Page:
Tiotropium delivered once daily via Respimat significantly improved lung function and reduced asthma exacerbations in patients who remain symptomatic despite treatment with ICS/LABA, irrespective of their allergic status, according to new data.
The findings are from a new subset of data from the Phase III UniTinA-asthma program and were presented by Boehringer Ingelheim at the 2013 American Academy of Allergy, Asthma & Immunology (AAAAI) Annual Meeting.
"Patients with asthma may respond differently to treatment based on their allergic status, therefore it is important to investigate new therapies in both allergic and non-allergic patients," said Mark Vandewalker, MD, director of Clinical Research of the Ozarks in Columbia, Mo. "The results of these trials show that tiotropium provides additional bronchodilation and reduces exacerbation rates in asthmatics who are uncontrolled on current therapy with at least ICS/LABA regardless of their allergic status, demonstrating its potential benefit for patients who need additional asthma control."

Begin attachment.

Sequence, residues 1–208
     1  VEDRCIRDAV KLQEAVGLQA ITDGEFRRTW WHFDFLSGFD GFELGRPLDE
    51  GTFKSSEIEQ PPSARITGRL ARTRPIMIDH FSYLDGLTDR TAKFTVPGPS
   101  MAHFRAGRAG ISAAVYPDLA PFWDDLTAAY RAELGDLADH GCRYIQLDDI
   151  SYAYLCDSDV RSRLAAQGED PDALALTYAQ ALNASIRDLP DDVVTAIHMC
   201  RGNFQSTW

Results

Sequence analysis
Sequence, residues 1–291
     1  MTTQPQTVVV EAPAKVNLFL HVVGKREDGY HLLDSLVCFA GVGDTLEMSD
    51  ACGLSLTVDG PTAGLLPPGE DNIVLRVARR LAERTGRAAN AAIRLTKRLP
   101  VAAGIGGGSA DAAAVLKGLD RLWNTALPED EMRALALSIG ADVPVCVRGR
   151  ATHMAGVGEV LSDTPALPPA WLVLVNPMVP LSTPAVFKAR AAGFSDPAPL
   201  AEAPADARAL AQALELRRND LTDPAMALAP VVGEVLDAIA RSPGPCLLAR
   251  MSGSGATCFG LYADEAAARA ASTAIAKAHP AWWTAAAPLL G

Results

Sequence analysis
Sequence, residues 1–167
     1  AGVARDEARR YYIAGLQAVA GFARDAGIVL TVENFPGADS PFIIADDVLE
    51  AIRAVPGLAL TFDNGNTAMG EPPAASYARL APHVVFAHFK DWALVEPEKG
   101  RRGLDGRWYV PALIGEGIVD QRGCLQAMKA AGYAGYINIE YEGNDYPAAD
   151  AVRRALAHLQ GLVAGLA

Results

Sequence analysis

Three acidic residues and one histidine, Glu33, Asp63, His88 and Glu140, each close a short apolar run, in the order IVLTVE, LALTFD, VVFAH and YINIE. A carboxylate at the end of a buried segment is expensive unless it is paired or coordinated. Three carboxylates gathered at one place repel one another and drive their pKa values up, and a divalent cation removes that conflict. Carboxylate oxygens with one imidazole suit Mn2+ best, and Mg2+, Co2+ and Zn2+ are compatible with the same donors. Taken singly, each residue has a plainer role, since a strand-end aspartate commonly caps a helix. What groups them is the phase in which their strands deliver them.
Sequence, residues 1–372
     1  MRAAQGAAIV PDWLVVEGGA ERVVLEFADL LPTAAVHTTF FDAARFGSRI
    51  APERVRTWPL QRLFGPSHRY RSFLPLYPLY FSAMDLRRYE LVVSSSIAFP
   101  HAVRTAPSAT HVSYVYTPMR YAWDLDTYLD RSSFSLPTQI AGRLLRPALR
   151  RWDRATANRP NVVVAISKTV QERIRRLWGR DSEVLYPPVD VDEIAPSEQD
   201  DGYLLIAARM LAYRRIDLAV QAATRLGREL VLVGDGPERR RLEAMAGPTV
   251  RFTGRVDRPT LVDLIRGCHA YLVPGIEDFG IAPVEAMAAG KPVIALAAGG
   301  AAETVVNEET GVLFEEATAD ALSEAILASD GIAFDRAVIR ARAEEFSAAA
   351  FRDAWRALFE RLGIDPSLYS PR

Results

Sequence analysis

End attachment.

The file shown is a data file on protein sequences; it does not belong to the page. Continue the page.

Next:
The PrimoTinA-asthma studies (1 and 2) were two replicate double-blind parallel-group trials including asthma patients with post-bronchodilator FEV1 <80% predicted and Asthma Control Questionnaire score ≥1.5, while on at least ICS/LABA.
A total of 912 patients were randomized to additional tiotropium Respimat 5 mg (n=256) or placebo (n=256) for 48 weeks. In addition to ICS/LABA, patients in the trials were permitted to receive additional background therapy, including antihistamines, anti-allergic agents, nasal steroids and omalizumab.
In the overall study population, adding tiotropium Respimat provided significant lung function improvements at 24 weeks, which were sustained over 48 weeks. Also, patients who received tiotropium Respimat had a 21% risk reduction in time to first severe exacerbation. Severe exacerbations were defined as requiring systemic corticosteroids for at least 3 days.
Addition of tiotropium Respimat also reduced the risk of any asthma exacerbation, defined by a significant increase in symptoms or peak expiratory flow (PEF) drop. These significant improvements in lung function and reduction in exacerbations were also seen regardless of allergic status in each of the two trials.